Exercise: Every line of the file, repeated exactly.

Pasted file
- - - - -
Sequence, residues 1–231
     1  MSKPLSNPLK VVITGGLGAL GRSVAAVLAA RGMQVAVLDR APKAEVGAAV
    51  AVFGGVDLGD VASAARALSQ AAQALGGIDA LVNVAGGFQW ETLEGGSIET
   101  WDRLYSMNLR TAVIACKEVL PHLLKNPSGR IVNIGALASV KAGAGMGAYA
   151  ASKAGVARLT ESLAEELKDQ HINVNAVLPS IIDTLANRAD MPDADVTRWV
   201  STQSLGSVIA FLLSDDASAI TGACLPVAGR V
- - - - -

Sequence, residues 1–231
     1  MSKPLSNPLK VVITGGLGAL GRSVAAVLAA RGMQVAVLDR APKAEVGAAV
    51  AVFGGVDLGD VASAARALSQ AAQALGGIDA LVNVAGGFQW ETLEGGSIET
   101  WDRLYSMNLR TAVIACKEVL PHLLKNPSGR IVNIGALASV KAGAGMGAYA
   151  ASKAGVARLT ESLAEELKDQ HINVNAVLPS IIDTLANRAD MPDADVTRWV
   201  STQSLGSVIA FLLSDDASAI TGACLPVAGR V